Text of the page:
Austin is fortunate to have a laptop, smartphone, and Wi-Fi connection at home, so he can make up lost work, fill out online college applications, and Google anything he doesn't understand. Even more basic, he can type his research papers. His classmate, Amanda Brown, writes her papers by hand, and then tries to find time before or after school to type them on a school computer.
"It's time consuming," Brown says. "I have to fit it into my already busy schedule at school."
With everything from driving tests to job applications available online, high schools that fail to prepare students to live in a digital age are setting them up for failure, Albert Bryant, the Everton teacher, says.
[Read why counselors say schools are failing their students.]
"It would be like today, instead of offering a computer applications class, we offered a typewriter class," he says.
Recognizing the need to close the digital divide, rural members of the National Telecommunications Cooperative Association partner with the schools in their area to ensure students are connected while they learn, says Mann, the NTCA communications director.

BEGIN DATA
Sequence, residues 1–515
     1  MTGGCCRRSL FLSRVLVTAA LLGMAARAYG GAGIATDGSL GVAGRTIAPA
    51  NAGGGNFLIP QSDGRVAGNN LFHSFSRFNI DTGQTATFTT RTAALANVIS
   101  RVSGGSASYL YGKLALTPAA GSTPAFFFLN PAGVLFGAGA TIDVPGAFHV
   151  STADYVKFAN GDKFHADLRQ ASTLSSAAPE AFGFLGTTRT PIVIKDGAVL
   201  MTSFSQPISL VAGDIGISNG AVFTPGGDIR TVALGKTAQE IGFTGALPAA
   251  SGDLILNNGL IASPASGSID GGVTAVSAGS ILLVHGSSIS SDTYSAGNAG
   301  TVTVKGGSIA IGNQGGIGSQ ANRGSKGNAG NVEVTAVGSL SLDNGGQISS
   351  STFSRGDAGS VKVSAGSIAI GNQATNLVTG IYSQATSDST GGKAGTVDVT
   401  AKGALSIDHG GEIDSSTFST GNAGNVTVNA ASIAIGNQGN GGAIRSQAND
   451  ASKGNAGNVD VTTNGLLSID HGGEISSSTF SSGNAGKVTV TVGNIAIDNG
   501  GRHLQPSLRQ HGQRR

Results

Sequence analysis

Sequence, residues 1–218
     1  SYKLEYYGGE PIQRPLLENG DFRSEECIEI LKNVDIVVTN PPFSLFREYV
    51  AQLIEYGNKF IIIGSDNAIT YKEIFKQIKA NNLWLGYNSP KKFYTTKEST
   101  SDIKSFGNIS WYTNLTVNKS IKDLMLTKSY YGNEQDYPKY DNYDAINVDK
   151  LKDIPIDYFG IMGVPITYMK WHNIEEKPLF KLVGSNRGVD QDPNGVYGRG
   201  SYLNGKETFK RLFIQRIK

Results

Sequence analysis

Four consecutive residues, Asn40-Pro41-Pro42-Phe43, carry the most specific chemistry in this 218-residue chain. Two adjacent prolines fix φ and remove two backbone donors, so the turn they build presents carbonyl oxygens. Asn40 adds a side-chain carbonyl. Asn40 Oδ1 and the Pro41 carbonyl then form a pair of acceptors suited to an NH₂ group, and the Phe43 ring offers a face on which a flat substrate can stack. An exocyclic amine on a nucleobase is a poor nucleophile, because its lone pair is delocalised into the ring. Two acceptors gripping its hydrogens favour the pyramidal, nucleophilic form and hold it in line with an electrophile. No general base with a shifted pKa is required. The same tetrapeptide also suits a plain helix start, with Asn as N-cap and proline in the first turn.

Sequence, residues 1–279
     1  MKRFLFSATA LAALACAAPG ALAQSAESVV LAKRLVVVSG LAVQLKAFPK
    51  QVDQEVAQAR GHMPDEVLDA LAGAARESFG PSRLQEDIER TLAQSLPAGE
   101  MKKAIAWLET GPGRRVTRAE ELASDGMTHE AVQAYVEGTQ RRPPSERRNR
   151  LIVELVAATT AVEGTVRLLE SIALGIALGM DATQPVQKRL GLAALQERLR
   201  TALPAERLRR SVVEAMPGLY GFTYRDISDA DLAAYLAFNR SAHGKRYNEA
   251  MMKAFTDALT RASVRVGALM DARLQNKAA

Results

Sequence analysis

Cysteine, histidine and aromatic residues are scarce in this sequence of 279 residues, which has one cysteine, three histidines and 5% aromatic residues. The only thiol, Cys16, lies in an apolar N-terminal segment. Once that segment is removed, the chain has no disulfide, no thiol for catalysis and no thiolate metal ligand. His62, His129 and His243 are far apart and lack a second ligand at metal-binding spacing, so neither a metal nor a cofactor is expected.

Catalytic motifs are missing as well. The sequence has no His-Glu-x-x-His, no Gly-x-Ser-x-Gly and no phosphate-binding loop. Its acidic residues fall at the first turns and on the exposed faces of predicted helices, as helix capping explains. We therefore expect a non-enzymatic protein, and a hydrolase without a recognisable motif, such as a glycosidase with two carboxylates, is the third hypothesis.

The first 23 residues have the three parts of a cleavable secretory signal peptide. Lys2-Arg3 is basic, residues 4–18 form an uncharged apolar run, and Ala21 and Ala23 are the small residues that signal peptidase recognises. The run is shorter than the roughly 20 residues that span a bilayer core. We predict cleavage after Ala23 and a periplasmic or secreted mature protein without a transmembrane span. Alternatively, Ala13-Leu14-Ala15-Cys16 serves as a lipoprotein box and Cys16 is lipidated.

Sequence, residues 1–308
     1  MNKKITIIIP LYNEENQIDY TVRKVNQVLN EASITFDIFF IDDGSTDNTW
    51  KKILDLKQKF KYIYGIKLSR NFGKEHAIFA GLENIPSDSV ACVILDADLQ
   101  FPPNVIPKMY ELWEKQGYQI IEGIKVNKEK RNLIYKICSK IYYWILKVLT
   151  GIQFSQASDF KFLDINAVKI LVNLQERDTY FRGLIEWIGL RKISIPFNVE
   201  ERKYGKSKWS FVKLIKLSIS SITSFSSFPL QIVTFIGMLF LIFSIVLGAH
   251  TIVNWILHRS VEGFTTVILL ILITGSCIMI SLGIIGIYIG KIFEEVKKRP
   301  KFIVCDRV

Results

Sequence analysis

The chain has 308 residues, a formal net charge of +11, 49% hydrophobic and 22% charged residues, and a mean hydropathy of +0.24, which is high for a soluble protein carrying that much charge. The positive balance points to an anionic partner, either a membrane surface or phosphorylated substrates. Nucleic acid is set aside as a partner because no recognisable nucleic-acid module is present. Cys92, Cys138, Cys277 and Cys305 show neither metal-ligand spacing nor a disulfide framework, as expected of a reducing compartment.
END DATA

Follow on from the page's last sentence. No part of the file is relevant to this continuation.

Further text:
To connect students at home, many of the small, rural Internet providers are also taking on the role of equipment providers, purchasing computers in bulk and selling them to community members at a discounted rate, Mann says.
"Most rural telecom companies view their role as the glue that holds the community together," Mann says. "If they can connect the school, the library, and your home, they can open the whole window of the world in a rural community."
See U.S. News's coverage of Technology in the Classroom.